The BASIC Stamp's EEPROM can hold 2048 bytes, or 2 KB, of information. Part of the storage space, starting at address 2047 and growing toward address 0, is used to hold the PBASIC program. The unused space which remains can be used to store data, which builds from address 0 toward address 2047.
EEPROM is different from RAM (random access memory) variable storage in several respects:
• RAM is volatile memory, meaning that the memory contents are lost when power is removed
• EEPROM is non-volatile. The contents are maintained when the power is turned off.
• EEPROM takes more time to store a value, sometimes up to several milliseconds
• EEPROM can accept a finite number of write cycles, around 10 million writes. RAM has unlimited read/write capabilities
• The primary function of the EEPROM is to store programs; data is stored in the leftover space
For the BASIC Stamp 2 module, the maximum number of writes to its EEPROM is 10 million. That sounds like a lot, but when you are using EEPROM for data storage, it's important to make some rough calculations to see if the limit will be exceeded.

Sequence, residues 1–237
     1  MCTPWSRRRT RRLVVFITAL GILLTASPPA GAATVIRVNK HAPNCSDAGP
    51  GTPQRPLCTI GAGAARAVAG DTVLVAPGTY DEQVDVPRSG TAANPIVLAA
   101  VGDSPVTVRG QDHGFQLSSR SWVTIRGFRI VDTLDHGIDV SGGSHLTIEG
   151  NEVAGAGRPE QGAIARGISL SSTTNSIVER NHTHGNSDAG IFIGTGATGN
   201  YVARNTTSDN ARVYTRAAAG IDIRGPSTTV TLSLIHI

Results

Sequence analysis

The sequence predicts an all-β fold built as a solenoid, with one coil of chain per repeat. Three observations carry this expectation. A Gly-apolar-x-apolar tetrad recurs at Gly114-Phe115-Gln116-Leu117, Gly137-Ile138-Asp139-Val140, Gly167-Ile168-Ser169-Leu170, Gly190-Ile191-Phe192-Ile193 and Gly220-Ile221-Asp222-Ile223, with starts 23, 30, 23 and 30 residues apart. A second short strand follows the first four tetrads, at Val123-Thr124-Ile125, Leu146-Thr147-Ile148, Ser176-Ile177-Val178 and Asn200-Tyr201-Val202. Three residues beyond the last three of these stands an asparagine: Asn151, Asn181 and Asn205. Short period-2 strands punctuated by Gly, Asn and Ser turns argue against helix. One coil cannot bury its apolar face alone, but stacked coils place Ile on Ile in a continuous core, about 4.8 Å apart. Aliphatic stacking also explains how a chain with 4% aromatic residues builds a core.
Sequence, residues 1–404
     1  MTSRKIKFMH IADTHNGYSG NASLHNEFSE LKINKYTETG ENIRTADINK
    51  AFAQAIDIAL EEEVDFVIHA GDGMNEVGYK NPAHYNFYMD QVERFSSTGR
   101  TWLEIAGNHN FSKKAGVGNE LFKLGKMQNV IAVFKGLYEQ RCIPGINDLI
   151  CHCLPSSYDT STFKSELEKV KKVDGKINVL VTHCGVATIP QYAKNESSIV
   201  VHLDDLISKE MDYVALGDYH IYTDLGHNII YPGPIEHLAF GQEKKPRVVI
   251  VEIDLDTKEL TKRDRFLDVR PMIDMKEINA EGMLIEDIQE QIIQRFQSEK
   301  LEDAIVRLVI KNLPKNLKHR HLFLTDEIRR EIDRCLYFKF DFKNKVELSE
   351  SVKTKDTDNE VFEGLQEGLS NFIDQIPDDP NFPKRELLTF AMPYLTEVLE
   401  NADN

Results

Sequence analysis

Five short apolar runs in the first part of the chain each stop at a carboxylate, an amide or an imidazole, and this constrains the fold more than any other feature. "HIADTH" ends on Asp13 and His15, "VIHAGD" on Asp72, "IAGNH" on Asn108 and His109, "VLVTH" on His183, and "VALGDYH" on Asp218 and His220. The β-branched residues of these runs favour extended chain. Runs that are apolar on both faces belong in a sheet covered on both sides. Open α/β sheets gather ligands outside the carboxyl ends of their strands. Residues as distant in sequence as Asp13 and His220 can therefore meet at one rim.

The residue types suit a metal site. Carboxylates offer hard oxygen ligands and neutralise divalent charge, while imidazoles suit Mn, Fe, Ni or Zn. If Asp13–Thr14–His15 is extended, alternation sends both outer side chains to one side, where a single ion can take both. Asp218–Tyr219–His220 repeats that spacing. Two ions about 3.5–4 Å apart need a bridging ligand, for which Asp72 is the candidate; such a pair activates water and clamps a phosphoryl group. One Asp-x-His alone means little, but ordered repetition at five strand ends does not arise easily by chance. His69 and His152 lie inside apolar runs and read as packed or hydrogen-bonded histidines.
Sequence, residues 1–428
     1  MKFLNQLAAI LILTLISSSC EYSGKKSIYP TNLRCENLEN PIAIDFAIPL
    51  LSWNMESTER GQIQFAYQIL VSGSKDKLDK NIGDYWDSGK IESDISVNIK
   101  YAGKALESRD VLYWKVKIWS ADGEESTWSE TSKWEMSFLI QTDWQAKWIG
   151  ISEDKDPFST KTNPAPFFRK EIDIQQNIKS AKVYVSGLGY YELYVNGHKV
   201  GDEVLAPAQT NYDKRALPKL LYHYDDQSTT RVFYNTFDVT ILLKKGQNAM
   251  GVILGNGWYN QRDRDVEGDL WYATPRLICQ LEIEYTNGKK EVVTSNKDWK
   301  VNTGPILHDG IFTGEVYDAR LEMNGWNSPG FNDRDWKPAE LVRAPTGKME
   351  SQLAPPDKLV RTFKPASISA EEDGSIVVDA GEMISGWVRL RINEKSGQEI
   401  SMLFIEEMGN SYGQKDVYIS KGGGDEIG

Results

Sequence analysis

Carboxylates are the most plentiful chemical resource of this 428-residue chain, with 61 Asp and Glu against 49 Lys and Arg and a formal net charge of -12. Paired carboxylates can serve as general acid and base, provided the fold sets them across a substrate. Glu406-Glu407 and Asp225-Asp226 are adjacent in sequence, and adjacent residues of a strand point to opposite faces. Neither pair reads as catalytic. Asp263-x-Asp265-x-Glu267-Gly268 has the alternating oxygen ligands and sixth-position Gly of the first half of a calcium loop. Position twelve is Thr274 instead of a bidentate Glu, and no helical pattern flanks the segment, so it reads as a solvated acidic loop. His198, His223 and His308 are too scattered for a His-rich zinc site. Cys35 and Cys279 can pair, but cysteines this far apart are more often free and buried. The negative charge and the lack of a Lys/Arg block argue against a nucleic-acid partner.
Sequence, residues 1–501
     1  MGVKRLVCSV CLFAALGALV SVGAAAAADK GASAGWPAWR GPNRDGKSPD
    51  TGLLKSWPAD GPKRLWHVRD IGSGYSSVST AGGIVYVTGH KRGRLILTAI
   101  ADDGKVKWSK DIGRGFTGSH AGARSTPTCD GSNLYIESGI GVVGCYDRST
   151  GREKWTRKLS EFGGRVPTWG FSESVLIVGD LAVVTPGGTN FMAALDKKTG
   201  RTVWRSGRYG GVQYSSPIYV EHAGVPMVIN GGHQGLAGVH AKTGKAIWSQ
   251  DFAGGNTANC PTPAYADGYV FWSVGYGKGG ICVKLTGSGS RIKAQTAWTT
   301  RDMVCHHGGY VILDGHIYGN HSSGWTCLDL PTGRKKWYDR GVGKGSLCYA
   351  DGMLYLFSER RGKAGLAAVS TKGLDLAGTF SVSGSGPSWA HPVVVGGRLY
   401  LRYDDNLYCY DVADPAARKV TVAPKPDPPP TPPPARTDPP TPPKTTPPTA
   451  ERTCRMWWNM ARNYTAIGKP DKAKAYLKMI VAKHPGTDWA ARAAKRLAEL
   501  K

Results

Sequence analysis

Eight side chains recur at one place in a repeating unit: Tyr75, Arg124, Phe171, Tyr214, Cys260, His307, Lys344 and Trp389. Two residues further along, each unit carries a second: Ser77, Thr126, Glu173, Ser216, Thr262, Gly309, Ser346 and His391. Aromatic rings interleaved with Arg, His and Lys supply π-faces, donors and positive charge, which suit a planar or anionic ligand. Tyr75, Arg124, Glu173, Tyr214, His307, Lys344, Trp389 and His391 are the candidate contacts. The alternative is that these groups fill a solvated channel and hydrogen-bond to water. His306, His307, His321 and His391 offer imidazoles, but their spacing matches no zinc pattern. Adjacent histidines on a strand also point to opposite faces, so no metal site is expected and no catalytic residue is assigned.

For example, consider a program that writes to a location in EEPROM once per second. How many days would it take to exceed 10 million writes?
1 write/sec * 60 sec/min * 60 min/hour * 24 hours/day = 86,400 writes/day
10,000,000 writes / 86,400 writes/day = 116 days
At one write per second, it would take nearly 116 days of continuous operation to exceed 10 million writes. Our Experiment 5 program writes to EEPROM once every 2.5 seconds, so we will not exceed the 10 million writes for over 290 days, or nearly ten months. Even though this is quite a long time, we can extend the functional life of the EEPROM even more by utilizing the following techniques. First, write to different parts of the EEPROM, instead of using the same locations over and over again. Second, only write samples when the wind turbine is actually turning.
So, here's the plan for sampling the four waveforms:
• Loop through each A/D channel, from CH3 to CH0
o CH3 = phase 3, CH2 = phase 2, CH1 = phase 1, and CH0 = rectified output
• Wait and synch up with the positive cycle of phase 3 (arbitrarily chosen)
• Quickly take 10 samples of the waveform (ch3, ch2, chi, or cho)
o Store each sample in variable storage (RAM) as it is obtained
• Transfer the 10 samples to EEPROM
• Repeat for the next A/D channel
This results in four individual sample groups that, taken together, we'll call "banks", stored in EEPROM. The next section shows how the banks are arranged.
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